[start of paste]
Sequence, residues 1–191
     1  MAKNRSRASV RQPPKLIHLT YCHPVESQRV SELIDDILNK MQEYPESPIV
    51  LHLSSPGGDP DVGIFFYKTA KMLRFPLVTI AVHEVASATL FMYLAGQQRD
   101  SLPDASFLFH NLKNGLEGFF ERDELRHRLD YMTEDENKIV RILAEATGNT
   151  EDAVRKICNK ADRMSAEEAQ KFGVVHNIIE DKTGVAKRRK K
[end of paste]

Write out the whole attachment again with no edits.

Sequence, residues 1–191
     1  MAKNRSRASV RQPPKLIHLT YCHPVESQRV SELIDDILNK MQEYPESPIV
    51  LHLSSPGGDP DVGIFFYKTA KMLRFPLVTI AVHEVASATL FMYLAGQQRD
   101  SLPDASFLFH NLKNGLEGFF ERDELRHRLD YMTEDENKIV RILAEATGNT
   151  EDAVRKICNK ADRMSAEEAQ KFGVVHNIIE DKTGVAKRRK K